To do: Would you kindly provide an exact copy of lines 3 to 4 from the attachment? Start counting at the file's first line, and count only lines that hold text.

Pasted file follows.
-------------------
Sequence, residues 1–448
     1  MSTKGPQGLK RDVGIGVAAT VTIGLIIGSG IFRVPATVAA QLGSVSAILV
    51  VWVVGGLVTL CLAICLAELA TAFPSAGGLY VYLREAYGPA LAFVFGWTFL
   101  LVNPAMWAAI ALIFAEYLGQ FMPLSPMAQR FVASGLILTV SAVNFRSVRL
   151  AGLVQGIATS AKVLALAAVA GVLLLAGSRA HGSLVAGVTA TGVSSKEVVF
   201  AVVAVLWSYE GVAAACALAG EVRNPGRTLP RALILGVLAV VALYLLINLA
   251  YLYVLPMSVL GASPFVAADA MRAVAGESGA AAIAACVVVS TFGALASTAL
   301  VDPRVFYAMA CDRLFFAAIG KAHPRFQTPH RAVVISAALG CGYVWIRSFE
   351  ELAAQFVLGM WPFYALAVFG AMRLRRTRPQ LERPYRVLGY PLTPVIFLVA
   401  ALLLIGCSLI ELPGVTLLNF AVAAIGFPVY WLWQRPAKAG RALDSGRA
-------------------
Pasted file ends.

    51  VWVVGGLVTL CLAICLAELA TAFPSAGGLY VYLREAYGPA LAFVFGWTFL
   101  LVNPAMWAAI ALIFAEYLGQ FMPLSPMAQR FVASGLILTV SAVNFRSVRL